Iran is in a turmoil that was inconceivable even a month ago. Today Morgan Tsvangirai, Prime Minister of Zimbabwe, was shouted down at Southwark Cathedral whilst urging expatriates to return to their homeland despite a lack of reassurance about their personal safety or prospects for the rule of law. In just over one week I will be back in Kazakhstan for a global inter-religious congress – a country that has moved in under two decades from being a disastrous republic of the Soviet Union into a successful and competitive world player – where admiration for British democracy might be a little tempered by the goings-on at Westminster in recent weeks. And the joyful humiliation of MPs continues in the UK, watched with incredulity from outside and embarrassment from within.
And here I am, at my desk, with Bruce Cockburn angrily singing his critique of western political and militarysupport for dodgy Central American regimes in the 1980s: They call it democracy.
Apparently, everybody in the UK is furiously angry with our profligate, dishonest and greedy politicians. That might be true – in the same way that everybody in the UK is a ‘loyal subject’ of Her Majesty. Maybe I just mix in the wrong circles (ordinary people in ordinary places – this morning with a group made up largely but not exclusively of pensioners), but I don’t see the anger we are being told we are feeling. I do hear expressions of wishing we could move on and wondering about who is doing the really important political stuff at Westminster while the feeding frenzy continues.
Now, I realise that I will be told (very firmly and without hint of possible contradiction) that I am out of step with the public mood. Again, that might be true – but who says? And how would they know? If I am out of step with the ‘public mood’, then I am not going to apologise. I hadn’t realised until recently that the ‘public mood’ was the ultimate arbiter of morality and public truth – that to dissent from the ‘public mood’ was to be, by definition, wrong and suspect.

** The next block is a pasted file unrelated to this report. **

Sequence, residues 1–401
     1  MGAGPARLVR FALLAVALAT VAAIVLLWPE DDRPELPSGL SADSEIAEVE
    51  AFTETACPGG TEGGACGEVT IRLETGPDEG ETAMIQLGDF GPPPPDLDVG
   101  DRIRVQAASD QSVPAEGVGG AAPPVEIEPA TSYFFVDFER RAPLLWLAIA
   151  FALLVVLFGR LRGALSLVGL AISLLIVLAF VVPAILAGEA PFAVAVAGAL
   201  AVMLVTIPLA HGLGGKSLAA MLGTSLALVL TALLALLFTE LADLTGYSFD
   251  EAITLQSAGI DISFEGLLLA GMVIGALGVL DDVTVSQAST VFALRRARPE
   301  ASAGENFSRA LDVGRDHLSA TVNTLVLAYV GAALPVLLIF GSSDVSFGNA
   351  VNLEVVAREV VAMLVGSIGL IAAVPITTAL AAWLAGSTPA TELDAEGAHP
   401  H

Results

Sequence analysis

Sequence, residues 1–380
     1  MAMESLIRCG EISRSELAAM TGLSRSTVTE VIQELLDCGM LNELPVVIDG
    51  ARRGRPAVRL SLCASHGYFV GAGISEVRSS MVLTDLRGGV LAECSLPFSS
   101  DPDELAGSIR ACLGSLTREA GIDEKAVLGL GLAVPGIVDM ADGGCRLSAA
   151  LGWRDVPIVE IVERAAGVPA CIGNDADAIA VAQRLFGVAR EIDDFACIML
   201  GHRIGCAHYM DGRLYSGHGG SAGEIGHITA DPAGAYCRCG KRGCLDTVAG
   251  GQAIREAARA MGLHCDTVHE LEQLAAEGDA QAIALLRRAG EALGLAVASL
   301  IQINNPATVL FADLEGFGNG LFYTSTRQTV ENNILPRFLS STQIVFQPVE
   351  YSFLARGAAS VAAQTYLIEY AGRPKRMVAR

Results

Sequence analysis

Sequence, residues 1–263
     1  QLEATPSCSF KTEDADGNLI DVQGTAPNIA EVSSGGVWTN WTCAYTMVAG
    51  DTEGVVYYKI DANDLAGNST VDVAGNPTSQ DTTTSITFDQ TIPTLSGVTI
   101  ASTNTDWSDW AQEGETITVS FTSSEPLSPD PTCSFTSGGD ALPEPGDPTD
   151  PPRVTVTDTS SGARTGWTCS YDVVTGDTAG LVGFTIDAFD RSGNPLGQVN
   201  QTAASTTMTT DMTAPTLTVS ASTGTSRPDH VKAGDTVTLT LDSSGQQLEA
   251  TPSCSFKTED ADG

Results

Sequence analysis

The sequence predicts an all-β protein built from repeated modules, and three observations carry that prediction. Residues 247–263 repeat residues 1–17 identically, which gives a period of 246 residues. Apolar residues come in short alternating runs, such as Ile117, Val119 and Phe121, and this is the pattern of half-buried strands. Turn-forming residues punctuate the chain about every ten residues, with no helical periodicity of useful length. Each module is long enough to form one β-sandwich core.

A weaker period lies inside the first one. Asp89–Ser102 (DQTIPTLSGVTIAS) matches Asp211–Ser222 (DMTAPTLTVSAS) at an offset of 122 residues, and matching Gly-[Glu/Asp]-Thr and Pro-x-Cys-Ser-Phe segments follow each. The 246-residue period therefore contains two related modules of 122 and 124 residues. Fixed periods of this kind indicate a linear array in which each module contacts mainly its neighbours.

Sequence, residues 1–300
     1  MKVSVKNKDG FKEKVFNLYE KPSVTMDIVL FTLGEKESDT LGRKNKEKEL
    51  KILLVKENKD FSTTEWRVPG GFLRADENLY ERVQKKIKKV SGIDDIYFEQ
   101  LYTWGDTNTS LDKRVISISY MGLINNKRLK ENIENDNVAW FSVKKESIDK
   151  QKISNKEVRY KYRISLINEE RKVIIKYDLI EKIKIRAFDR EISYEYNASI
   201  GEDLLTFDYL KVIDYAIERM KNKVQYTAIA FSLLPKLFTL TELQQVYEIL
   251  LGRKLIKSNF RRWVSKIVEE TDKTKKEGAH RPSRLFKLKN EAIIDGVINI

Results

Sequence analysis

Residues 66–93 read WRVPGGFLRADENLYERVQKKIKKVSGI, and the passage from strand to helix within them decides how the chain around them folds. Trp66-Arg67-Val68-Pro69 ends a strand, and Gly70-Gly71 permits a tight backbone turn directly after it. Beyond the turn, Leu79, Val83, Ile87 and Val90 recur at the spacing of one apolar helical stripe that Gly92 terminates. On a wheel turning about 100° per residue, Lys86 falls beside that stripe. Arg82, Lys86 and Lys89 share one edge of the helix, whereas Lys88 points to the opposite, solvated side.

The ‘public moood’ would have lynched suspected paedophiles in Portsmouth a couple of years ago. The ‘public mood’ voted Hitler into power in the 1930s. The ‘public mood’ is probably the least trustworthy guide to moral decision-making that could possibly be found. Ask a random sample of the public if they are angry with MPs and there is little alternative but to concur; ask what people think or feel about MPs and the answer might be a little bit more nuanced.
I am worried about all this, not because I think MPs have behaved well or deserve special treatment outside of normal financial ethics. Abuses of expenses are indefensible – but so is inaccurate and sensational pillorying of particular MPs without adequate explanation of the criteria being cited. For example, do we really expect to be well served by MPs without providing them with office back-up (PA, secretary, stationery, phones, etc)? Yet when these figures are deducted from some of the huge numbers featuring in reports, the figures look less offensive. I object to being told that an MP is ‘a scandal’ for claiming half a million pounds in ‘expenses’ over the last five years when the charge is made in complete ignorance of what is needed by way of office support for our elected representatives to do their job. This is mere sensationalism.
I said I was worried. I am. I am worried about the effects of all this on the sort of people who might now put themselves forward for public office. (There is an awful lot of smug self-righteousness around in propsective parliamentary candidates right now.) Are we going to get the best quality of people (of ability and integrity) to put themselves forward for an office that will evoke scorn, suspicion and potential humiliation?
Is now the time for MPs to have their expenses scrutinised by an independent body, be asked to repay any anomalies, commit to investigation by the police any criminal activity – and then let Parliament get back to doing what we need it to do: govern the country and have MPs scrutinising legislation rather than scrutinising their expenses sheets? Hasn’t the feeding frenzy now gone far enough?
Or is it just easier to be part of the baying mob, directing our imputed ‘anger’ at someone else, prolonging the embarrassment of ‘privileged’ people and ignoring the consequences to our democracy and its institutions?
Oh, and by the way, is there not something ‘morally dubious’ about my local ‘newspaper’, The Croydon Advertiser, standing on its moral superiority in relation to MPs while taking advertising money from pimps engaged in trafficking women and exploiting them for sex? Just asking…